Do you think wearing on-body cameras on duty should be mandatory?
The Edwards rule applies to all officers and all cases - not just to the case on which the suspect invoked the right to counsel.
When a marked police car pulls into a high-crime area and people start running away for no apparent reason, this is reasonable suspicion to stop them.
Officers can enter when it reasonably appears someone inside may need emergency aid, regardless of the officers' actual, subjective motivations for going inside.
Give Miranda warnings just before commencement of apparent custodial police interrogation-not sooner. Leave Hollywood tactics to the actors.
Devallis Rutledge, author of POLICE Magazine's Point of Law articles, discusses what officers need to know about how the Supreme Court's Kansas v. Ventris and Montejo v. Louisiana rulings have affected the way officers must conduct interrogations lawfully under the Sixth Amendment. You can also read the original articles "Sixth Amendment Revisited" from the July 2009 issue and "Sixth Amendment Waivers" from August 2009.
It will now be possible for law enforcement officers to attempt to obtain a waiver and an admissible statement from a defendant without running afoul of the Sixth Amendment.
After Apr. 19, officers and agencies could incur liability for vehicle searches incident to arrest that do not fall within the Gant guidelines.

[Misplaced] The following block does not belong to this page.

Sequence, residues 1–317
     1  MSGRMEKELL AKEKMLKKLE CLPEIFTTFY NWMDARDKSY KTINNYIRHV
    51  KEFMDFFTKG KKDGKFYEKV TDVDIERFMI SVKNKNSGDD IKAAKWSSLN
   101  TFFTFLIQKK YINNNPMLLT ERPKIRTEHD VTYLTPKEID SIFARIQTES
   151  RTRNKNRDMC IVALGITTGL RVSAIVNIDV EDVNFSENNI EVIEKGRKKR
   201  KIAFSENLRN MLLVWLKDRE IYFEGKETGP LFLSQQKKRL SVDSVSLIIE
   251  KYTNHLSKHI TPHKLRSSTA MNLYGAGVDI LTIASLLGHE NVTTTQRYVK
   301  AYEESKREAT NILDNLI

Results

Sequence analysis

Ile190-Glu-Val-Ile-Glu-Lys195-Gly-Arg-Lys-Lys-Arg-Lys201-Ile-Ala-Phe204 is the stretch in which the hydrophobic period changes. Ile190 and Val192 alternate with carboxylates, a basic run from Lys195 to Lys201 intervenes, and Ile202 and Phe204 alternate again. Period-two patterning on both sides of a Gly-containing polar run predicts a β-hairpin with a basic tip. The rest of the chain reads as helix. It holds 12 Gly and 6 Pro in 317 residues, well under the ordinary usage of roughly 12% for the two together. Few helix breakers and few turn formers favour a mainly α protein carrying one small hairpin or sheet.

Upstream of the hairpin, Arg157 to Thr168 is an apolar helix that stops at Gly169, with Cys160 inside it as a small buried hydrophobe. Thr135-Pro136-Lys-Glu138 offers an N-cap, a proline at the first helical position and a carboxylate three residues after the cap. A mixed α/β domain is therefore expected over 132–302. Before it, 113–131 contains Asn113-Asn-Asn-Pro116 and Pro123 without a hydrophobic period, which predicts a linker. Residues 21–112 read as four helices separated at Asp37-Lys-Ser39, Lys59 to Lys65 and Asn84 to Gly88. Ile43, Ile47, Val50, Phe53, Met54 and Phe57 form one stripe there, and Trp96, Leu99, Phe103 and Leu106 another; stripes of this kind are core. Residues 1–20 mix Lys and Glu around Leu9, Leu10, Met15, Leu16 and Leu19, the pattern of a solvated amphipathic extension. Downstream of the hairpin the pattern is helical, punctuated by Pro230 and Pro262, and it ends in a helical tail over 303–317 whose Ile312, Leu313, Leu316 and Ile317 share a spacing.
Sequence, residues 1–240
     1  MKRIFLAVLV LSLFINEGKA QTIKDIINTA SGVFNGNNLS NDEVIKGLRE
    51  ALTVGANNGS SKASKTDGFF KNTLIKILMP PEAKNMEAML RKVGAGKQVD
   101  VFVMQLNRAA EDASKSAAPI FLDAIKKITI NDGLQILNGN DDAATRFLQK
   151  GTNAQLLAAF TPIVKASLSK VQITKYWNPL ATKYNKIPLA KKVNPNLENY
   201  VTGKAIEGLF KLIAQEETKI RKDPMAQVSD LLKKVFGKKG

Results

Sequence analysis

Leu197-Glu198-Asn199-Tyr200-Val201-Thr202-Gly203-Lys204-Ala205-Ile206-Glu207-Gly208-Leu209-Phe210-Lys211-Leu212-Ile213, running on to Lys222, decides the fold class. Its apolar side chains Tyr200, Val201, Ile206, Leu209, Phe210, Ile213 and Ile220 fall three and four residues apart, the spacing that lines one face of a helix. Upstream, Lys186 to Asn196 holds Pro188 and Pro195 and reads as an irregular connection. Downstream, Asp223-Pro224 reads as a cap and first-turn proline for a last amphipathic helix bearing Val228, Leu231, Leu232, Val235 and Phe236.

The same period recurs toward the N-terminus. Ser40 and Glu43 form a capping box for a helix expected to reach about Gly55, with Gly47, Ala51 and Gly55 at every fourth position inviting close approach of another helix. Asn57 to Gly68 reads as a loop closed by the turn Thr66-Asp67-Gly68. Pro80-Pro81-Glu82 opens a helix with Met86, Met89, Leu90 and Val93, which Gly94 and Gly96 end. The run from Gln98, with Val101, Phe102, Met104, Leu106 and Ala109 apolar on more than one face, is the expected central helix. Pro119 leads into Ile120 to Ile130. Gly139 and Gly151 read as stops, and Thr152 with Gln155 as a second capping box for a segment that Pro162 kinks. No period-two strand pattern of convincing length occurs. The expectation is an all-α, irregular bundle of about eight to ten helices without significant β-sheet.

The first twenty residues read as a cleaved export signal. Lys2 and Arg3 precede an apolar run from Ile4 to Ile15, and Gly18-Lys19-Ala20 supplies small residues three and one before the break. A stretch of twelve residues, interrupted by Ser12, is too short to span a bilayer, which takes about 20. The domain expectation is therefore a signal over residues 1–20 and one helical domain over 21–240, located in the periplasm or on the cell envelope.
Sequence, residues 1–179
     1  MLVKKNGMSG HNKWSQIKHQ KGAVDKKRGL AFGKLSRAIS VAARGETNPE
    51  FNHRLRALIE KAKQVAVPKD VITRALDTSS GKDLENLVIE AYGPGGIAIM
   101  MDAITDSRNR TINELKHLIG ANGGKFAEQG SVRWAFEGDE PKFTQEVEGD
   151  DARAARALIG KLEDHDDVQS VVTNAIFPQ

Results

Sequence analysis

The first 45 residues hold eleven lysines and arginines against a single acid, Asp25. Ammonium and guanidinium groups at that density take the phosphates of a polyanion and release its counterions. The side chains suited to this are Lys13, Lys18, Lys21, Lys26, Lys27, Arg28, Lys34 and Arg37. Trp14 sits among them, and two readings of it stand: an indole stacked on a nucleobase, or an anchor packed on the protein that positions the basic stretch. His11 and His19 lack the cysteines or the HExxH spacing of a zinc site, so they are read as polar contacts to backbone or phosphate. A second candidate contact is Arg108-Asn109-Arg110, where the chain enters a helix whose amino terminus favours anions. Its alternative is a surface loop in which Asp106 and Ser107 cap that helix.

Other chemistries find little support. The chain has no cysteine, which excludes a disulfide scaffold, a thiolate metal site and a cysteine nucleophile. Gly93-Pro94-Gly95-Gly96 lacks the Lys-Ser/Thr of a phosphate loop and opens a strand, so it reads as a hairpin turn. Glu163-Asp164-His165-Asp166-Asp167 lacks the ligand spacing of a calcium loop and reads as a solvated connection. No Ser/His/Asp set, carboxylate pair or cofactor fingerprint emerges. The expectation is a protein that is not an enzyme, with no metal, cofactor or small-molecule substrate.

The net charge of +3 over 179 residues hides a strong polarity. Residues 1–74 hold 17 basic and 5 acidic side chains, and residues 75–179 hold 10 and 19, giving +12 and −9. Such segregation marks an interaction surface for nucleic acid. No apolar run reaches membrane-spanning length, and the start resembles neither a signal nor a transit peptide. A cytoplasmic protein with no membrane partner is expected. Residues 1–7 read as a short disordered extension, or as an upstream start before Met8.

Officers who fall behind on core training and who stop getting regular updates on recent case law become a civil liability to themselves and their employers.
Although it's common to see the term "stop and frisk," it's possible that there might be justification for a stop, but not for a frisk.
What the exclusionary rule has actually meant in practice is that thousands (maybe millions) of criminals have been able to stop the prosecution from using critical evidence of their guilt to hold them accountable for their crimes.
Before traveling to another state where you intend to carry off duty, do a little research and inquire about local laws regulating firearms possession on private property.
Notwithstanding the explosion of youth criminality, the court has largely continued to treat juvenile offenders in a more lenient and paternalistic fashion than adults.
Much of what I learned in basic academy in the late 1960s is no longer good law. If I were still operating on the basis of 40-year-old understandings, I wouldn't be very effective.
"The first duties of the officers of the law are to prevent, not to punish crime. It is not their duty to incite to and create crime for the sole purpose of prosecuting and punishing it." — U.S. Supreme Court, Sorrells v. U.S.